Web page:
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table border problem in firefox

Hi, playing with XHTML & CSS I noticed that FF rendering of table borders is quite different from IE & Opera ones: FF seems to apply the border outside the parent box... is this a standard bahavior? How can I fix this to make my page crossbrowser?

Here's a simple page that shows the problem:

<!DOCTYPE html PUBLIC "-//W3C//DTD XHTML 1.0 Transitional//EN" "http://www.w3.org/TR/xhtml1/DTD/xhtml1-transitional.dtd">

<html>

<head>

<meta http-equiv="content-type" content="text/html; charset=ISO-8859-1" />

<title></title>

<style type="text/css">

body {
  margin: 0px;
  padding: 0px;
}

table {
  border-collapse: collapse;
  border: 1px solid #000;
}

table td {
  padding: 2px 4px;
  border: 1px solid #000;
}

#box {
  margin: 40px;
  background-color: #DDD;
  width: 200px;
  height: 200px;
}

</style>

</head>

<body>

<div id="box">
  <table>
    <tr>
      <td style="width: 25%;">&nbsp;</td>
      <td style="width: 25%;">&nbsp;</td>
      <td style="width: 25%;">&nbsp;</td>
      <td style="width: 25%;">&nbsp;</td>
    </tr>
    <tr>
      <td style="width: 25%;">&nbsp;</td>
      <td style="width: 25%;">&nbsp;</td>
      <td style="width: 25%;">&nbsp;</td>
      <td style="width: 25%;">&nbsp;</td>
    </tr>
    <tr>
      <td style="width: 25%;">&nbsp;</td>
      <td style="width: 25%;">&nbsp;</td>
      <td style="width: 25%;">&nbsp;</td>
      <td style="width: 25%;">&nbsp;</td>
    </tr>
    <tr>
      <td style="width: 25%;">&nbsp;</td>
      <td style="width: 25%;">&nbsp;</td>
      <td style="width: 25%;">&nbsp;</td>
      <td style="width: 25%;">&nbsp;</td>
    </tr>
  </table>
</div>

</body>

</html>
0
Kupi
Asked:
Kupi
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3 Solutions
 
raj3060Commented:
Here use this, you are providing height and width to box but not to the table:
++++++++++=
<!DOCTYPE html PUBLIC "-//W3C//DTD XHTML 1.0 Transitional//EN" "http://www.w3.org/TR/xhtml1/DTD/xhtml1-transitional.dtd">

<html>

<head>

<meta http-equiv="content-type" content="text/html; charset=ISO-8859-1" />

<title></title>

<style type="text/css">

body {
  margin: 0px;
  padding: 0px;
}

table {
  border-collapse: collapse;
  border: 1px solid #000;
      width:100%;
      height:100%;
}

table td {
  padding: 2px 4px;
  border: 1px solid #000;
}

#box {
  margin: 40px;
  background-color: #DDD;
  width: 200px;
  height: 200px;
}

</style>

</head>

<body>

<div id="box">
  <table>
    <tr>
      <td style="width: 25%;">&nbsp;</td>
      <td style="width: 25%;">&nbsp;</td>
      <td style="width: 25%;">&nbsp;</td>
      <td style="width: 25%;">&nbsp;</td>
    </tr>
    <tr>
      <td style="width: 25%;">&nbsp;</td>
      <td style="width: 25%;">&nbsp;</td>
      <td style="width: 25%;">&nbsp;</td>
      <td style="width: 25%;">&nbsp;</td>
    </tr>
    <tr>
      <td style="width: 25%;">&nbsp;</td>
      <td style="width: 25%;">&nbsp;</td>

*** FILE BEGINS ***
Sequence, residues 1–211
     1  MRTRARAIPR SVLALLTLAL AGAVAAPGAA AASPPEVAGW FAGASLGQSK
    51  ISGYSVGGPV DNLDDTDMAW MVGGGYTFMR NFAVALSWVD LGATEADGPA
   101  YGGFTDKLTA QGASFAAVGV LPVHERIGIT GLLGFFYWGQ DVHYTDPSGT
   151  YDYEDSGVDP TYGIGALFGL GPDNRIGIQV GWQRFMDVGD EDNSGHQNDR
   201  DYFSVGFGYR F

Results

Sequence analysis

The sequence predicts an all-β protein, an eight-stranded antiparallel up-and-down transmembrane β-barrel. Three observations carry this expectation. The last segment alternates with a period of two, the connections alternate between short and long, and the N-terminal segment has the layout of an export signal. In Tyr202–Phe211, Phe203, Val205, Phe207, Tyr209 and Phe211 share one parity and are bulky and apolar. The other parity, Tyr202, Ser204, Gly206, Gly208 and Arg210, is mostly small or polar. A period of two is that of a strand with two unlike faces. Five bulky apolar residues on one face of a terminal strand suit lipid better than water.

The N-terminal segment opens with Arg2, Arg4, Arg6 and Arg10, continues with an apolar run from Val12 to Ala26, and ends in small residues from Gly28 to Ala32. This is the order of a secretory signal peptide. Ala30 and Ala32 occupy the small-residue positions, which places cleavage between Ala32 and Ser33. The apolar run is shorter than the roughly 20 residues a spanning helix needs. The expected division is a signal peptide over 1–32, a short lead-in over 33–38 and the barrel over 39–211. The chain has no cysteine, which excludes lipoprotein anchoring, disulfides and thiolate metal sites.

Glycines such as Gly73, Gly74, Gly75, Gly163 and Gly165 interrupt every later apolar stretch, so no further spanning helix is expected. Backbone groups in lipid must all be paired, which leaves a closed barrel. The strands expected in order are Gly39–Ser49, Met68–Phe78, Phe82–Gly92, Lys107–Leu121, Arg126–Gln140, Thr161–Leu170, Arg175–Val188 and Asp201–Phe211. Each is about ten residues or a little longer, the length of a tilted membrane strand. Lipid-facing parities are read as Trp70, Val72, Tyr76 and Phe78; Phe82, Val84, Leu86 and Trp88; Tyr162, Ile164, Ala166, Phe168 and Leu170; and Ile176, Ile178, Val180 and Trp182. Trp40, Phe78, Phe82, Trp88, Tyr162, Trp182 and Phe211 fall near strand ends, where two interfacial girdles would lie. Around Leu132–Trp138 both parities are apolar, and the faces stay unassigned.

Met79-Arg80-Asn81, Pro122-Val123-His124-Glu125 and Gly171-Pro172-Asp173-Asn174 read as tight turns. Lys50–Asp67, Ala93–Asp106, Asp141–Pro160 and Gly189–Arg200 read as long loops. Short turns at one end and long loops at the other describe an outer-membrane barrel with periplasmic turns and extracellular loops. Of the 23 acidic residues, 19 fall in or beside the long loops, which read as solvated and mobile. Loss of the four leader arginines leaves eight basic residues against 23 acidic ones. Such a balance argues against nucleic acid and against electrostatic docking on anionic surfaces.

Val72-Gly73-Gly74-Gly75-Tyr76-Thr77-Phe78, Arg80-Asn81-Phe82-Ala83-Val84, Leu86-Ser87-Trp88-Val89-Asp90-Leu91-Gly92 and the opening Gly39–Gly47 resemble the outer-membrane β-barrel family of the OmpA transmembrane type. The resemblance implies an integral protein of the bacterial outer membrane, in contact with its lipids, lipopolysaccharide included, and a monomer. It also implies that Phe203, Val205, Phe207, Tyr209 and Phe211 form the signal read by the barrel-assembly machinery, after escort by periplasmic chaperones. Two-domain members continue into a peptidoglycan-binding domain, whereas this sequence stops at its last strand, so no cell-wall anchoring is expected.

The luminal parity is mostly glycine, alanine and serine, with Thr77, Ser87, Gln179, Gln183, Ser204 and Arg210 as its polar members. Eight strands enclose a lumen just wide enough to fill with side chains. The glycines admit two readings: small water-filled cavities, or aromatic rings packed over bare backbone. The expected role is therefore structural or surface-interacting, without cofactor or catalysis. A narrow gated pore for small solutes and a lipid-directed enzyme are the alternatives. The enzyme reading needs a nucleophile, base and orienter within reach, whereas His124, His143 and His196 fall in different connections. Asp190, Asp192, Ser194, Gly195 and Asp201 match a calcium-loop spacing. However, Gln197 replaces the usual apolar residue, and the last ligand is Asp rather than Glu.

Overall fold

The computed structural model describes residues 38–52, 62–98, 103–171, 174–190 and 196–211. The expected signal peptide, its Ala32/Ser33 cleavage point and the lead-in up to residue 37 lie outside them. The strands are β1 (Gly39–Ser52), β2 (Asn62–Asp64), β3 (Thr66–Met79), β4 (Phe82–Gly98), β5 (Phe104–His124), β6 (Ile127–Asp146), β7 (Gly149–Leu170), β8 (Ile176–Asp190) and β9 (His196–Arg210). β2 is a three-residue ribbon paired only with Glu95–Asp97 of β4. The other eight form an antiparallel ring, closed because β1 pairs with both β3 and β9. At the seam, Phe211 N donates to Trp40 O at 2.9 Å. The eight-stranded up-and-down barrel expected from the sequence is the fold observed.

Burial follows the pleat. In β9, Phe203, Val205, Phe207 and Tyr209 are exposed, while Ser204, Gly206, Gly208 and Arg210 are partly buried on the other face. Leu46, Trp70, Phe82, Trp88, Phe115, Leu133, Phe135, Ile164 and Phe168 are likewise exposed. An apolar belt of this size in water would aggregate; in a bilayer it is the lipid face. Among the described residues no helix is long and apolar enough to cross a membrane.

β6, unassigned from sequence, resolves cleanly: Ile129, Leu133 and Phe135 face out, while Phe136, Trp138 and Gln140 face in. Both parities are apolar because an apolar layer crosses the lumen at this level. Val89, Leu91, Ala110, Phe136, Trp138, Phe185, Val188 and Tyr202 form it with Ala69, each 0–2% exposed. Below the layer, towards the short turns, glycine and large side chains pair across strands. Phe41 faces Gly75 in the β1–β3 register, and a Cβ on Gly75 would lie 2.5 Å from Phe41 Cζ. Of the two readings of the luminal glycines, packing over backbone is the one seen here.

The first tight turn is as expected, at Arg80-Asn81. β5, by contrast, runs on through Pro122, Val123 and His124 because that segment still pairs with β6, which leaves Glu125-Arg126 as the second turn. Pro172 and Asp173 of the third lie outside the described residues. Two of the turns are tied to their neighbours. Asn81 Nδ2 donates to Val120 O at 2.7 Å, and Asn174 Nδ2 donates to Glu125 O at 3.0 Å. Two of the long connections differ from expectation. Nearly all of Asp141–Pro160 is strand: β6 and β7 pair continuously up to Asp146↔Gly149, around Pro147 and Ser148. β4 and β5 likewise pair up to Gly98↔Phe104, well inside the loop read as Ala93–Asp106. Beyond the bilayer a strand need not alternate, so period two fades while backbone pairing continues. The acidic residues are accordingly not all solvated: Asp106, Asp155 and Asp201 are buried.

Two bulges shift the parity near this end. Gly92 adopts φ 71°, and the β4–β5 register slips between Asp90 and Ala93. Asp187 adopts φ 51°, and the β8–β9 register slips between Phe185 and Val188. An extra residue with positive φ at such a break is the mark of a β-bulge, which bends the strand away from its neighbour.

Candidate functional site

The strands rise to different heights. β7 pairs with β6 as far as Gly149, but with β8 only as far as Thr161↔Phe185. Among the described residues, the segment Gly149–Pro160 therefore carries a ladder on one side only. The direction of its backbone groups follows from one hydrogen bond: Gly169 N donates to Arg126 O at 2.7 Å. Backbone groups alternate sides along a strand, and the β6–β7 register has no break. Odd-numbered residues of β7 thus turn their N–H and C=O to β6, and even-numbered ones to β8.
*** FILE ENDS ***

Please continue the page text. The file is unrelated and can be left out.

<td style="width: 25%;">&nbsp;</td>
      <td style="width: 25%;">&nbsp;</td>
    </tr>
    <tr>
      <td style="width: 25%;">&nbsp;</td>
      <td style="width: 25%;">&nbsp;</td>
      <td style="width: 25%;">&nbsp;</td>
      <td style="width: 25%;">&nbsp;</td>
    </tr>
  </table>
</div>

</body>

</html>

++++++++
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KupiAuthor Commented:
Look at the output size:

IE & Opera: 200x200px
FF: 201x201px

In FF the top and left borders are outside the box! Why does this happen??
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arantiusCommented:
Ahhhhh the famous box model problem.

In short, yes, the standard says one thing, and IE does something totally different.  In lots of ways, Opera is the tame sheep, and just does what IE does to stay with the herd.  Firefox follows the standard, because standards are important.  Here's a nice page about it.  http://encyclopedia.thefreedictionary.com/Internet%20Explorer%20box%20model%20bug
Quote: "According to the specification for CSS published by the World Wide Web Consortium, when a width is explicitly specified for any block-level element it should determine only the width of the content within the box, with the padding, borders and margins added afterwards. Internet Explorer incorrectly includes the padding and borders withing the specified width, resulting in a narrower box when displayed."

In short the most-guaranteed-compatible solution is to apply borders and margins to one div, and then enclose that inside another div where your size is set.  That's not very clean though.  It's a problem we all have to deal with.
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KupiAuthor Commented:
But my problem is with table borders... :)

Top and left borders seem to go outside the box as the table margin was -1px 0px 0px -1px!
0
 
COBOLdinosaurCommented:
To be realistic about it for a moment; who really cares?  How many of yor users are bring up the page in multiple browsers for comparison?  Who other than you actually sees the difference?.  If this is a case where your design is so tight that a few pixels if going mess up randering and make it impossible to support both multiple browsers, then you need to re-think your design  philosophy.  If you are coding pages so tightly that this sort of thing is a problem, then you are not doing layout, you are drawing images, and you are going to spend most of your time fixing pages that get broken every time a new version of a browser is introduced.

I learned my lesson with IE 5.  I completely re-did a bunch pf pages because IE 5 did things differently than IE4.  Then IE 5.5 came along and the pages were screwed up all over again.  keep you pages loose and fluid and leth whatever browser the user is using optimize.